What’s the impact of your daily commute? It’s bigger than you think. Your individual gas-powered vehicle creates a large amount of air pollution and greenhouse gases that contribute to global warming. The average commute to work is about 12 miles, and roughly 90 percent of us drive to work alone. In most urban areas, automobile emissions contribute to poor air quality and smog problems that can have potentially severe health effects for you, your family, and your neighbors.
Could one less day of driving really help? Yes. A third of carbon dioxide (C02) emissions in the U.S. come from daily driving. An
average car driven 12,000 miles per year emits about six tons of CO2. It would take 500 mature trees to absorb this amount of CO2.
If all 230 million cars operated in the U.S. were driven one less day per year, the nation would reduce its fuel consumption by 170 million gallons per year.
Initial estimates of carbon dioxide emissions from aviation are responsible for about 12 percent of transportation emissions.
Work from home: Do business from your desk or home office instead of flying and driving to meetings by using online solutions that let you chat, video conference, give presentations, and share/edit documents around the world. It saves time, money, and energy while reducing emissions. Plus, it’s convenient. Learn more about telecommuting.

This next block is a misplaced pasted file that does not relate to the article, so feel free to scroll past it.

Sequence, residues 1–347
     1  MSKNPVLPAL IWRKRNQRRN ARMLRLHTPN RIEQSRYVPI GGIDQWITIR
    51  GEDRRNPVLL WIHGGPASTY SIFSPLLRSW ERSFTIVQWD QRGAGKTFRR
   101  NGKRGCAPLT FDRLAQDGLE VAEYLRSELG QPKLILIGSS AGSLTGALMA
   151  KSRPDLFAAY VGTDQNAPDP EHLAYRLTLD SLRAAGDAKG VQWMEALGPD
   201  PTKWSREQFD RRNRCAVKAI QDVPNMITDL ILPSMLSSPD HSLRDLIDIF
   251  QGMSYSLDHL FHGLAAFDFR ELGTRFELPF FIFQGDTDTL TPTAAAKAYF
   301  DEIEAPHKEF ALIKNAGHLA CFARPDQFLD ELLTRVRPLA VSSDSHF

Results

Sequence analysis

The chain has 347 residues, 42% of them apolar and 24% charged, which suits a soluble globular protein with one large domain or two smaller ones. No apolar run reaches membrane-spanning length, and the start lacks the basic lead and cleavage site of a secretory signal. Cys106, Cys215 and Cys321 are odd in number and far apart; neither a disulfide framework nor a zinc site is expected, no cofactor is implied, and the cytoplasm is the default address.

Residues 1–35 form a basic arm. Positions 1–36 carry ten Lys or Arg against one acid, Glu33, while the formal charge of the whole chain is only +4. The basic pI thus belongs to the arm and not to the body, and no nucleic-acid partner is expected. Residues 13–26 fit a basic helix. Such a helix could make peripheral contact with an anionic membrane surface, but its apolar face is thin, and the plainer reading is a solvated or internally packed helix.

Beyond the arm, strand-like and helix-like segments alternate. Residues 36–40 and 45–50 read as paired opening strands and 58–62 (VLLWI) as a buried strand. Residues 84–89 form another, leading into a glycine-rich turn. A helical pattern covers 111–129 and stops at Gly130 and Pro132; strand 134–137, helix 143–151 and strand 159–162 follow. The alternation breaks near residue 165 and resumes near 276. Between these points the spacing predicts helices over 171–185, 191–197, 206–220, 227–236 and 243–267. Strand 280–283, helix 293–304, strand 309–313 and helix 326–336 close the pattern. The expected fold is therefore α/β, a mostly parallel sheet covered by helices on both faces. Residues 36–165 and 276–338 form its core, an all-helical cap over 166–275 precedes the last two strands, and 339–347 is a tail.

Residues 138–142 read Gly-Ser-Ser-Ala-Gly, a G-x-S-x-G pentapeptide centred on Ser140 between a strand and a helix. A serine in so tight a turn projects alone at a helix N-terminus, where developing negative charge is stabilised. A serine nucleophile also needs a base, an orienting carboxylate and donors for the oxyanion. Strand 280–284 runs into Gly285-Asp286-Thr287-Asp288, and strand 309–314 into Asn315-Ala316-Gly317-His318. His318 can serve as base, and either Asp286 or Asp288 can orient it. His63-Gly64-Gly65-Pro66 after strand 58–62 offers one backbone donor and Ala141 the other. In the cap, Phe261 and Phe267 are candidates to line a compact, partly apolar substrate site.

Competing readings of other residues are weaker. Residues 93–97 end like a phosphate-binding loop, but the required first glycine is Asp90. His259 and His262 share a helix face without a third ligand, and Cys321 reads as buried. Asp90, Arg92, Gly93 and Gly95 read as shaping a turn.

Use your own steam: By simply walking or riding a bike, you have a positive impact on the environment and your health. While improving your cardiovascular health, you’ll generate zero emissions.
Plan your trips: When you’re running errands, plan your stops before you leave the house. Map out your most efficient route and combine trips when possible.
Get regular service: A well-maintained car improves performance by 40 percent. Get the oil changed, check the brakes, exhaust, and tire pressure. A well-kept car will consume less fuel, pump out fewer GHGs, and last longer, which helps the environment long-term.
Try an efficient option: Look for fuel efficiency when choosing your next car. Consider fuel-efficient hybrid vehicles that run on electricity and gasoline. Check out the EPAs Green Vehicle Guide and learn more about hybrid vehicles at HybridCars.org.
Be smart about the A/C: Don’t use air conditioning when you don’t have to. When you do, make fuel-conscious decisions. On short trips around town, you’ll use less gas if you keep the A/C off and roll down the windows instead. But when you get on the highway it’s the opposite. Driving with the windows up will reduce drag. Using the A/C on long trips will actually save gas.
Don’t idle the engine: An idling car emits up to 20 times more carbon than a car going 32 MPH. Idling wastes up to half a gallon of gas per hour. If you know you’ll be waiting in one place, find a parking place and turn off your engine.
Remove roof racks: If you have roof racks or cargo carriers on your car, remove them when they aren’t in use. They reduce aerodynamic efficiency, which increases fuel consumption.
Keep your car tires properly inflated. It’ll greatly increase efficiency and save you money.
Don’t rush. Smooth acceleration and braking save gas and reduce wear and tear on your vehicle. Drive 60 MPH on the highway. Cars run most efficiently at this speed, and you can save a whopping 20 to 30 percent on fuel by sticking to it.